Legal support in international prosecution and extradition.

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Extradition

Britain & Russia

Extraditional relations in the case of suspects in the murder of Alexander Litvinenko.

A successful politician and a businessman, Andrei Lugovoi, and his less famous friend, Dmitry Kovtun, became the most discussed persons in the Russian and European mass media back in 2006. The reason for this was the request of the Great Britain for their extradition related to accusations of murdering a Russian critic and ex-agent of FSS (FSB) Aleksandr Litvinenko. On 23 November 2006 Litvinenko died in a London hospital from acute heart failure. His body had not been examined by the coroners for a long period due to the danger of radiation, though eventually the cause of death was announced – poisoning of the radioactive element, polonium-210.

During the investigation initiated by the Scotland Yard, it was determined that Litvinenko was poisoned by the Russian entrepreneur Andrei Lugovoi. Together with his accomplice Kovtun he was the last whom Litvinenko saw before death. Scotland Yard sent the extradition request to get them to London for further investigation, but the Russian authorities denied it. According to the report of Sir Robert Owen, when the British investigators arrived in Moscow for interrogating the suspects, the Russian law enforcement agencies were trying in different ways to hinder the investigation. When the British investigators followed in their own car the Russian ones, the latter used to suddenly speed up or make abrupt turns, so that the Brits would not be able to keep up with them. The Russian investigators also said that only one British investigator can interrogate Lugovoi and Kovtun and only in presence of their Russian colleagues. As a result, when the British policemen came back home they found out that the recording of Kovtun was corrected, and the recoding with Lugovoi was not transferred to them by their Russian colleagues. Though it is not possible to be hundred percent sure that all of it was done on purpose, considering the general misunderstandings between the Russians and the Brits. It should also not be a surprise that Russia denied extraditing the suspect to Britain, as the UK declined numerous requests of the Russian authorities, including the case of Berezovsky.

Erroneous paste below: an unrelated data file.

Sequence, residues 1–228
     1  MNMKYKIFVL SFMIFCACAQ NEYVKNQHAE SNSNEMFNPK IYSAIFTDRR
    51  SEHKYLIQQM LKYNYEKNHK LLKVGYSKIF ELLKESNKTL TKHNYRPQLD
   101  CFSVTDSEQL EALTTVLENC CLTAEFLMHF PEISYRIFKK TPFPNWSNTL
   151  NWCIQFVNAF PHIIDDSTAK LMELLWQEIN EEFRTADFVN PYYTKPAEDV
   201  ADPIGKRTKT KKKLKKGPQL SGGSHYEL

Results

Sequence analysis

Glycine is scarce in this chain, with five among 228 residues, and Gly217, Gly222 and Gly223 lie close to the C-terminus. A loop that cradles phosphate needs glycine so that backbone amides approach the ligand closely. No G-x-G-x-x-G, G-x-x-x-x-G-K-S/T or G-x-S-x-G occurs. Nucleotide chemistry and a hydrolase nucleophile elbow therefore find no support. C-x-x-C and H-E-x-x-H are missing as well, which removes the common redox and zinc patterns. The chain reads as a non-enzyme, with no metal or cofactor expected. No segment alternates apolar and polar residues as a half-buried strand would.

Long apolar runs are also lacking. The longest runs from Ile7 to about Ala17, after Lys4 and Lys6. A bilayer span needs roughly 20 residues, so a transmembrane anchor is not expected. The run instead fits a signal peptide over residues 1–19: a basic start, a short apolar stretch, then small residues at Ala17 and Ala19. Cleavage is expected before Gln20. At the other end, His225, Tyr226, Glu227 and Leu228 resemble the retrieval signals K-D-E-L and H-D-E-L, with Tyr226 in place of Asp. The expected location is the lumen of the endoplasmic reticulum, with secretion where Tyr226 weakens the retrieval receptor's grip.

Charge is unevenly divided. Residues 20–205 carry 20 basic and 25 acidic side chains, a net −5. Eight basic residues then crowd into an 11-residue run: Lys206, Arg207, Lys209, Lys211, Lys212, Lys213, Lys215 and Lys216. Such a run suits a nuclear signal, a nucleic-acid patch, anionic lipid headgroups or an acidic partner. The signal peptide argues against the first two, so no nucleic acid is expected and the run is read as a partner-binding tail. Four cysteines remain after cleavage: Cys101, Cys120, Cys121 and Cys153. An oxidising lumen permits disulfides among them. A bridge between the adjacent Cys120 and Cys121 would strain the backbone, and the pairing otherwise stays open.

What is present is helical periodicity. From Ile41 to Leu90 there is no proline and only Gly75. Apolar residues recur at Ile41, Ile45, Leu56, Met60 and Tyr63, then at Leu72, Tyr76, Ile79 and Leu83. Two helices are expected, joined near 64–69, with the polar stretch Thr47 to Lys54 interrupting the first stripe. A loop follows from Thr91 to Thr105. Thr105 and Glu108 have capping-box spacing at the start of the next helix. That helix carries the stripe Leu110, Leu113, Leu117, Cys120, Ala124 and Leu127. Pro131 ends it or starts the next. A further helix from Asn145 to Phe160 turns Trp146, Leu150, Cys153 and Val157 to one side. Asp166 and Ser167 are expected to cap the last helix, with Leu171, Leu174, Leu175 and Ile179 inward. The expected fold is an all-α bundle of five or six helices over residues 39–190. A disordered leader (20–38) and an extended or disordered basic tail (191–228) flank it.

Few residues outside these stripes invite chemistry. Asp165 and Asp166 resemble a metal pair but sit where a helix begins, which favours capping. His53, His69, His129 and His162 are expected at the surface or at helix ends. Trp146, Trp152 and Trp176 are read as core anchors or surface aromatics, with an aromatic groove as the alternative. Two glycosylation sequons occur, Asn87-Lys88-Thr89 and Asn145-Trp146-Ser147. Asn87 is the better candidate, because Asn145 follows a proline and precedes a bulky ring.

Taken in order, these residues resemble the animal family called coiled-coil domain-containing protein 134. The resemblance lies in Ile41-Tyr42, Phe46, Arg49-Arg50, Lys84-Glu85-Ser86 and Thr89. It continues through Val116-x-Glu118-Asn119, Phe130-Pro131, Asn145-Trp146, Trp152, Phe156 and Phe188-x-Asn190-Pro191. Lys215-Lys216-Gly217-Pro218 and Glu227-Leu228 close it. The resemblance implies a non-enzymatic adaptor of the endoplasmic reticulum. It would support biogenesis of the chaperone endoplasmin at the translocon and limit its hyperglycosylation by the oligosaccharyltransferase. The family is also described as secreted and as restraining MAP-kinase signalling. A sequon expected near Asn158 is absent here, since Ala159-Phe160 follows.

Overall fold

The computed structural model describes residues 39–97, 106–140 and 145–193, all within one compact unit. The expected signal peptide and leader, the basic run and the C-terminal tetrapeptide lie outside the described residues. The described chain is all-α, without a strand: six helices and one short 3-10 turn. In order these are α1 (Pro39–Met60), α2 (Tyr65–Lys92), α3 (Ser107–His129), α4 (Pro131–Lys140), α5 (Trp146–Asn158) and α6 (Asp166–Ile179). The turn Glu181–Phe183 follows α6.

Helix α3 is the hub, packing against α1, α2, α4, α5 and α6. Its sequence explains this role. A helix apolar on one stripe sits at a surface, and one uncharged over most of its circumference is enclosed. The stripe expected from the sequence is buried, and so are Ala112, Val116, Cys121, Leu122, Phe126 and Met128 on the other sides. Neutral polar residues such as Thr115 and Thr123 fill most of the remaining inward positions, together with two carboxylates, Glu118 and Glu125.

The most peculiar and suspicious thing is the career boost of Andrei Lugovoi at the pick of the investigation in 2006. Vladimir Zhirinovsky invited him to be the second candidate in the election list of the Liberal Democratic Party of Russia. In the end of 2013 Lugovoi initiated the law which allows to block internet resources if they are suspected in spreading information of extremist nature. In 2015 Lugovoi was awarded with the Order of Merit for the Motherland. The question arises: what was the reason of such a sudden career improvement of the main suspect in the murder of Litvinenko? Rumors had it that Andrei Lugovoi is supported by the President, Vladimir Putin, and it was explicitly proved by the award. It is also proved by the fact that Alexandr Litvinenko was openly criticizing the current political powers and was writing many articles about the past of the President. Whether his words were true is known only to Putin, but there is a possibility that he took care of his past life being erased from all possible sources.

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